Du Yuesheng’s unrivalled sway over the drug trade in Shanghai is essentially an agreement between himself, Zhang Xiaolin and Huang Jinrong to share the spoils equally, rather than fighting for exclusive control. But before that agreement could be reached, Du Yuesheng needed to be able to deal with Huang Jinrong as an equal. In 1923, he was just a “wise guy” leading his own hijacking raids and banking Huang’s daily takings. What changed things was an unexpected incident that led to the temporary downfall of “Pock-marked” Huang and the rather more permanent rise of Du Yuesheng, who came out of things as Huang's saviour.


One night, Lu Xiaojia, the son of Lu Yongxiang the Zhejiang warlord, came to hear the female singer Lu Lanchun perform the lead in an opera. Huang Jinrong was also at this performance. In fact, he doted on the singer and had built the theatre specially for her. Halfway through, for some reason the performance displeased Lu Xiaojia, and he booed. Infuriated by this, Huang called out to show his own displeasure, at which point a crowd of Huang’s followers assaulted Lu Xiaojia there and then. The attack was so ferocious Lu’s bodyguards were afraid to intervene, and it was not until Lu had been beaten to the ground and kicked repeatedly that they were able to get him out of the theatre and on to his carriage.


Two nights later, at another performance by Lu Lanchun, a group of Garrison Command detectives forced their way into the theatre and put a gun to Huang Jinrong’s head. These plainclothes military policemen had been sent by the Shanghai defence commissioner in response to the anger of Lu Xiaojia’s father. They bundled Huang into a car and drove him to the Longhua garrison, where he was taken inside, beaten severely and thrown into the lockup.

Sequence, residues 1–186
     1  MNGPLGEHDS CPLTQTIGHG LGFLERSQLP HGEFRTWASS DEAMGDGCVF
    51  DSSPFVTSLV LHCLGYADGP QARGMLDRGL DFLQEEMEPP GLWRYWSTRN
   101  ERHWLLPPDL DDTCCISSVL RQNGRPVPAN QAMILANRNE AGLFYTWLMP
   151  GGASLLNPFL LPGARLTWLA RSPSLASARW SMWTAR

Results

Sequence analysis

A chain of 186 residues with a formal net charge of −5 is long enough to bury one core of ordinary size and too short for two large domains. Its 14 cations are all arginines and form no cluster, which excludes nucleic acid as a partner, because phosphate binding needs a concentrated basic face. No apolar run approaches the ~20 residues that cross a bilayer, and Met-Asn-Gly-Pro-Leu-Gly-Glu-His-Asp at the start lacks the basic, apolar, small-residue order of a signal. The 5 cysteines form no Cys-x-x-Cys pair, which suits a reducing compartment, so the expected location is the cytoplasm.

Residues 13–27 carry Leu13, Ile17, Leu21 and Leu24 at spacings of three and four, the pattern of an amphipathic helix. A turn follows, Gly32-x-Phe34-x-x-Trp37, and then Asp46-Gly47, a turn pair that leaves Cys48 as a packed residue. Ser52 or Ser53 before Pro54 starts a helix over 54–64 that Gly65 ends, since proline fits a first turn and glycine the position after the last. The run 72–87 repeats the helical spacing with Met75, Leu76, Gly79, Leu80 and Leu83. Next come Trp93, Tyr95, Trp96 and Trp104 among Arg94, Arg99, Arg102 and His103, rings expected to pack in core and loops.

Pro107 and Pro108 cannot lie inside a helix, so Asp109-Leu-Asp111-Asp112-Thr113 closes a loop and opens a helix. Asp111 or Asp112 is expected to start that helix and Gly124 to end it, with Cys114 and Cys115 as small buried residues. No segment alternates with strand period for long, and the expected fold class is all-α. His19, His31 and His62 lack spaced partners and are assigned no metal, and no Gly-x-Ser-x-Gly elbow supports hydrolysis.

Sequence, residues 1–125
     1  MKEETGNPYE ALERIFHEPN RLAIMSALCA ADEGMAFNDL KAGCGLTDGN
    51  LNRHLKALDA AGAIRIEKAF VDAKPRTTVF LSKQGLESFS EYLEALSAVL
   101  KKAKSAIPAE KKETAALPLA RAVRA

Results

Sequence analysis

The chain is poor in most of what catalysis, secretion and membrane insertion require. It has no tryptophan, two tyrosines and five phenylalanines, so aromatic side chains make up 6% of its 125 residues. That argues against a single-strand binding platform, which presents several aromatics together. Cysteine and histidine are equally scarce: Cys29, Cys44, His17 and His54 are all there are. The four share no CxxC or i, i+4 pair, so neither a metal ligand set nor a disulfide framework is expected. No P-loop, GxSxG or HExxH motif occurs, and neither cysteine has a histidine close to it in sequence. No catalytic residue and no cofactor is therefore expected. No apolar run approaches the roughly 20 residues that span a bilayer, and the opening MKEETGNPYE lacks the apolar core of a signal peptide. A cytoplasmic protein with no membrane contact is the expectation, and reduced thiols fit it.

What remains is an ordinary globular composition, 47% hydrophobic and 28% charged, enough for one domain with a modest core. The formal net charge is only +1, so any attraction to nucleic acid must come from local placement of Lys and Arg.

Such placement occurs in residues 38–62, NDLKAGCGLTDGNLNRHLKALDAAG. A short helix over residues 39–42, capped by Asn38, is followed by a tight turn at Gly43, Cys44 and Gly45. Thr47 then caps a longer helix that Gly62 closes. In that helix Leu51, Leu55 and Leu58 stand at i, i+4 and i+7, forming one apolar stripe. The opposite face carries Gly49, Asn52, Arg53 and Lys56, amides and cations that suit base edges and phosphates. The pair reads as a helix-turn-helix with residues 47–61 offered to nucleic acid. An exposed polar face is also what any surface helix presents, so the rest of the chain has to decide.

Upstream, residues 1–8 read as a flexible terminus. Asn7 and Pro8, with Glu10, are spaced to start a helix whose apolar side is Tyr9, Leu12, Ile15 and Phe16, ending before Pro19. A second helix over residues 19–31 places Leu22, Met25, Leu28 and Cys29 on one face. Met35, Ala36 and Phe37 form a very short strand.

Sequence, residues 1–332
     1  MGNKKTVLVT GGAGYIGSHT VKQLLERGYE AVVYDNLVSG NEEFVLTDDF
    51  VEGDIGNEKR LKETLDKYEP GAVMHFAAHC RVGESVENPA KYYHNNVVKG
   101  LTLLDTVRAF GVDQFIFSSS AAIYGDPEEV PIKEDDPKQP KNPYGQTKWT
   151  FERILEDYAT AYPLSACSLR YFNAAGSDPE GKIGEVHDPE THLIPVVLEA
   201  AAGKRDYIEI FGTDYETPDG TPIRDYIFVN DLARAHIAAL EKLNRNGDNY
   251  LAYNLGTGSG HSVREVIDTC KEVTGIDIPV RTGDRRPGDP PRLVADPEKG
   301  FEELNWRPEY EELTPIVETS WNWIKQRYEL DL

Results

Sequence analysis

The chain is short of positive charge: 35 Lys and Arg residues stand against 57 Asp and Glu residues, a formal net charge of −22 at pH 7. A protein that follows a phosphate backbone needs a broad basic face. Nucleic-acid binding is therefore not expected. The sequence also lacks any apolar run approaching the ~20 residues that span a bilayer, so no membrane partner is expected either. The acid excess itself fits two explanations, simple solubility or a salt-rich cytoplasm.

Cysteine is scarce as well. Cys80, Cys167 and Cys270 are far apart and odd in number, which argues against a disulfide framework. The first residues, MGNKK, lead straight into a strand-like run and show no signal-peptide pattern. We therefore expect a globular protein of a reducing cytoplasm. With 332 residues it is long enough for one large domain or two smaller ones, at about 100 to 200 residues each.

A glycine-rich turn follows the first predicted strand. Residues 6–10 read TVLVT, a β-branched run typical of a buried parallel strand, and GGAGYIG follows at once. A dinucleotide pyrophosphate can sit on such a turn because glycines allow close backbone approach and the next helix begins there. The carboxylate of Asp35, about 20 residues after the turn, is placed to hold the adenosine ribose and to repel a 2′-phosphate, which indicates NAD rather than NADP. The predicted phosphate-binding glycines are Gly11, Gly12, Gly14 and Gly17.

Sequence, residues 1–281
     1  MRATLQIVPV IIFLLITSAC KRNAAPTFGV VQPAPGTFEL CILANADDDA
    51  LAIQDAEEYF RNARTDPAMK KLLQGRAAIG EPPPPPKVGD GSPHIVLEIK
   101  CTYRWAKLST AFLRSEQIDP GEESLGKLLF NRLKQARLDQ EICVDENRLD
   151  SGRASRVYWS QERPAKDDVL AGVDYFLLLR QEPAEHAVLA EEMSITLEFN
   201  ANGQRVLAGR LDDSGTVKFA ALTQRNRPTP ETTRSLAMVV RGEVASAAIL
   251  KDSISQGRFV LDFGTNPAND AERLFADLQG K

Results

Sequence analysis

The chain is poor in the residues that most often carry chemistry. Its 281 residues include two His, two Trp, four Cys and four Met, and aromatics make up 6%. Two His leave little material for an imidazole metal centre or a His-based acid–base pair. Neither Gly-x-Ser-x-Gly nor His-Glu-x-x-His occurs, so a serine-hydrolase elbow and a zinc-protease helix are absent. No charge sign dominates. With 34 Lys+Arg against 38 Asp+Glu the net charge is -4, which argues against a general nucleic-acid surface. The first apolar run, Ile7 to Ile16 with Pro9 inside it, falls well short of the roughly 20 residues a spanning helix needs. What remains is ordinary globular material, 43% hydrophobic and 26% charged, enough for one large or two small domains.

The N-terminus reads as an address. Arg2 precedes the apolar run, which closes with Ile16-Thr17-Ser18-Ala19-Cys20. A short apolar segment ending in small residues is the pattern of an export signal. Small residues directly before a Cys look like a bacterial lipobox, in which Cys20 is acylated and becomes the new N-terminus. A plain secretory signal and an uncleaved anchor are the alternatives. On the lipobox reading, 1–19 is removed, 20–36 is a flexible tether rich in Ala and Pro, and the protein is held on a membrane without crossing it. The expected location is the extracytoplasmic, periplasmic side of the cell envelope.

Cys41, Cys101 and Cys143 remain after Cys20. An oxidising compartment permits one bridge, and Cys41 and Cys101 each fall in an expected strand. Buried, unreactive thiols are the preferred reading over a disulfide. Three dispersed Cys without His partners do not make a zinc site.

Huang’s disapperance caused widespread panic amongst his followers. They rushed about, trying to find where he had been taken. Green Gang elder Zhang Xiaolin set off for Hangzhou to try to ameliorate Lu Yongxiang’s temper, while Du Yuesheng tried to appease the defence commissioner. Huang’s humiliation showed how vulnerable the gangsters were in the face of brute military force and cost Huang some of his reputation within the Green Gang.

Du Yuesheng arranged for his elder’s release, but did so by undercutting Huang’s hegemony over the protection racket in order to establish a much more ambitious set-up of his own. Supposedly assembling the means to ransom his boss, Du Yuesheng brought together Shanghai’s ten major opium wholesalers and persuaded them to invest millions of dollars more in a common fund in order to bribe Defence Commissoner He Fenglin into helping them set up an opium monopoly over the entire city.


The Big Company was founded later that year. Anyone who now wants to muscle in on their territory has to face both the Green Gang and the military police of Garrison Command. Also, an alliance forged with the French Concession leadership includes the chief of police. This arrangement is especially lucrative for Du Yuesheng, leading to the creation of the Opium Pipe Company and netting police protection.